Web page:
“Teach him to sing those psalms which are so full of love of wisdom; as at once concerning chastity or rather, before all, of not companying with the wicked, immediately with the very beginning of the book; (for therefore also it was that that prophet began on this wise, ‘Blessed is the man that hath not walked in the counsel of the ungodly”; Ps. i. I, and again, ‘I have not say in the council of vanity’; Ps. xxvi. 4, Sept., and again, ‘in his sight a wicked doer is contemned, but he honoreth those that fear the Lord,’ Ps. xv. 4, Sept.,) of companying the good, (and these subjects thou wilt find there in abundance,) of restraining the belly, of restraining the hand, of refraining from excess, of not overreaching; that money is nothing nor glory, and other things such like[…]When in these thou hast led him on from childhood, by little and little thou wilt lead him forward even to the higher things. The Psalms contain things, but the Hymns again have nothing human. When he has been instructed out of the Psalms, he will then know hymns also , as a diviner thing.” — Homilies on Colossians, Homily 9
6. Teaching Them about Eternal Judgment
“Wherefore, I exhort you, when we receive children from the nurse, let us not accustom to old wives’ stories, but let them learn from their first youth that there is a Judgment, that there is a punishment; let it be infixed in their minds. This fear being rooted in them produces great good effects. For a soul that that has learnt from its first youth to be subdued by this expectation, will not soon shake off this fear. But like a horse obedient to the bridle, having the thought of hell seated upon it, walking orderly, it will both speak and utter things profitable; and neither youth nor riches, not an orphan state, not any other thing, will be able to injure it, having its reason so firm and able to hold out against everything.” — Homilies on 2 Thessalonians, Homily 2.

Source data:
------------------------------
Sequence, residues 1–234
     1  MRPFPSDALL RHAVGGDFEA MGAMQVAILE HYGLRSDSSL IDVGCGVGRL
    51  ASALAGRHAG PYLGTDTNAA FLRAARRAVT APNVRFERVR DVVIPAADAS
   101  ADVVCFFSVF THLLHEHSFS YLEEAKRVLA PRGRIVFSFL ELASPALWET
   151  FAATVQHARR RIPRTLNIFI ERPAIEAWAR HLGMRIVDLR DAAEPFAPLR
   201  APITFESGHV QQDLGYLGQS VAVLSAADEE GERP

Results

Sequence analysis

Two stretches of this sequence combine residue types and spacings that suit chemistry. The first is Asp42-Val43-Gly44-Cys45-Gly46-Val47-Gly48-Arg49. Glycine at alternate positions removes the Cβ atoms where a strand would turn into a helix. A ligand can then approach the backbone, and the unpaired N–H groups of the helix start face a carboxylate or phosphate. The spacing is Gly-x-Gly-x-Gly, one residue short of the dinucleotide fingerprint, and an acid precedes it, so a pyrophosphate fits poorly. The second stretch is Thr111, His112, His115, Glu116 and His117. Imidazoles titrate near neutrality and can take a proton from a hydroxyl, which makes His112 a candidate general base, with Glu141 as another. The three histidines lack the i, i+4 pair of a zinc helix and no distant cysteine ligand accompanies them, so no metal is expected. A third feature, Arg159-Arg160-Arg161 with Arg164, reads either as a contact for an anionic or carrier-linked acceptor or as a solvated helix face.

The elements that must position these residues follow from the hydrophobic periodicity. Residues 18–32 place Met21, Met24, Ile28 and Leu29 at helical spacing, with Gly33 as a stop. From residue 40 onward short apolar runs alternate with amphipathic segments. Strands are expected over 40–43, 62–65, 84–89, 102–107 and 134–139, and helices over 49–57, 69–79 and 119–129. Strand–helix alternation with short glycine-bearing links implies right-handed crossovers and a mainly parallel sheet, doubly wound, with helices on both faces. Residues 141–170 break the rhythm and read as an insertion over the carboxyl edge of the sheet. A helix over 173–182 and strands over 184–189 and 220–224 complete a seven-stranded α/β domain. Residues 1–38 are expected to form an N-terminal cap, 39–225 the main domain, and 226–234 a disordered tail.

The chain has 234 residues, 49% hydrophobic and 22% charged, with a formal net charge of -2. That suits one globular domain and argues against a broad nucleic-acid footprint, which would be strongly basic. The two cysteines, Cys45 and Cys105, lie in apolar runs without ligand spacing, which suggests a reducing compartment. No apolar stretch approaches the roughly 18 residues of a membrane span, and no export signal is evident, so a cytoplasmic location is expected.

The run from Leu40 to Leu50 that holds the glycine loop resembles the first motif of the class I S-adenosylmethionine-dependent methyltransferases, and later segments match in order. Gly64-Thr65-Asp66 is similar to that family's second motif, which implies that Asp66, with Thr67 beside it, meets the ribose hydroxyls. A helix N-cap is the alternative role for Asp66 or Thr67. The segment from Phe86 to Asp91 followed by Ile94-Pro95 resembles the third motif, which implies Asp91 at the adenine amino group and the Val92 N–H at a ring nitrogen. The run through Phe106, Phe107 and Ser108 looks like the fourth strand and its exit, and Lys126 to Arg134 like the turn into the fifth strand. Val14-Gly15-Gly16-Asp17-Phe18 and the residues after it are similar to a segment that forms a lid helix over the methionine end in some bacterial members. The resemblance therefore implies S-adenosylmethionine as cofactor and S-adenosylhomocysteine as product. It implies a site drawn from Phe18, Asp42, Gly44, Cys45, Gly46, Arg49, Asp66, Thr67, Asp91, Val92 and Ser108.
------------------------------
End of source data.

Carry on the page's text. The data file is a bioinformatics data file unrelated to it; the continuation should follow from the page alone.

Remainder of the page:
7. Raise Them to Be Chaste
“Youth is wild, and requires many governors, teachers, directors, attendants, and tutors; and after all these , it is a happiness if it be restrained. For as a horse not broken in, or a wild beast untamed, such is youth. But if from the beginning, from the earliest age, we fix it in good rules, much pains will not be required afterwards; for good habits formed will be to them as a law. Let us not suffer them to do anything which is agreeable, but injurious; nor let us indulge them, as forsooth but children. Especially let us train them in chastity, for there is the very bane of youth. For this many struggles, much attention will be necessary. Let us take wives for them early, so that their brides may receive their bodies pure and unpolluted, so their loves will be more ardent. He that is chaste before marriage, much more will be chaste after it; and he that practiced fornication before, will practice it after marriage. ‘All bread,’ it is said, ‘is sweet to the fornicator.’ Garland are wont to be worn on the heads of bridegrooms, as a symbol of victory, betokening that they approach the marriage bed unconquered by pleasure. But it captivated by pleasure he has given himself up to harlots, why does he wear the garland, since he has been subdued? — Homilies on 1 Timothy, Homily 9
8. Raising Your Child Properly Is a Greater Inheritance than Riches
In children we have a great charge committed to us. Let us bestow great care upon them, and do everything that the Evil One may not rob us of them. But now our practice is the reverse of this. We take all care indeed to have our farm in good order, and to commit it to faithful manager, we look out for it an ass-driver, and muleteer, and bailiff, and a clever accomptant. But we do not look out for what is much more important, for a person to whom we may commit our son as the guardian of his morals, though this is a possession much more valuable than all others. It is for him indeed that we take such care of our estate. We take care of our possessions for our children, but of the children themselves we take no care at all. Form the soul of thy son aright, and all the rest will be added hereafter.” —Homilies on 1 Timothy, Homily 9.